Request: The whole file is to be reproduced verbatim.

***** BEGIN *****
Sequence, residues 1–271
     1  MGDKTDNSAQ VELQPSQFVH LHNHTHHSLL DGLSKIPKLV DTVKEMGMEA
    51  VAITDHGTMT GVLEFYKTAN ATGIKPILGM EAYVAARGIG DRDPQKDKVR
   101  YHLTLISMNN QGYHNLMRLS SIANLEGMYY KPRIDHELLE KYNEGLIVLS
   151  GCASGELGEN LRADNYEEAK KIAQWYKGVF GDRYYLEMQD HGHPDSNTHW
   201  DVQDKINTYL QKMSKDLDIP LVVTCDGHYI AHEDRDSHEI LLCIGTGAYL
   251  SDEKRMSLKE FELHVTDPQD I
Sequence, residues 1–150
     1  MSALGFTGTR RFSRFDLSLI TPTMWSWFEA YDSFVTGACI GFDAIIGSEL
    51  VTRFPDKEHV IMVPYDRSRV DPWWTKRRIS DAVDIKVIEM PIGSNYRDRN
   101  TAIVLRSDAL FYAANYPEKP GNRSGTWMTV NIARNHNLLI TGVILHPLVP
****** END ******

Sequence, residues 1–271
     1  MGDKTDNSAQ VELQPSQFVH LHNHTHHSLL DGLSKIPKLV DTVKEMGMEA
    51  VAITDHGTMT GVLEFYKTAN ATGIKPILGM EAYVAARGIG DRDPQKDKVR
   101  YHLTLISMNN QGYHNLMRLS SIANLEGMYY KPRIDHELLE KYNEGLIVLS
   151  GCASGELGEN LRADNYEEAK KIAQWYKGVF GDRYYLEMQD HGHPDSNTHW
   201  DVQDKINTYL QKMSKDLDIP LVVTCDGHYI AHEDRDSHEI LLCIGTGAYL
   251  SDEKRMSLKE FELHVTDPQD I
Sequence, residues 1–150
     1  MSALGFTGTR RFSRFDLSLI TPTMWSWFEA YDSFVTGACI GFDAIIGSEL
    51  VTRFPDKEHV IMVPYDRSRV DPWWTKRRIS DAVDIKVIEM PIGSNYRDRN
   101  TAIVLRSDAL FYAANYPEKP GNRSGTWMTV NIARNHNLLI TGVILHPLVP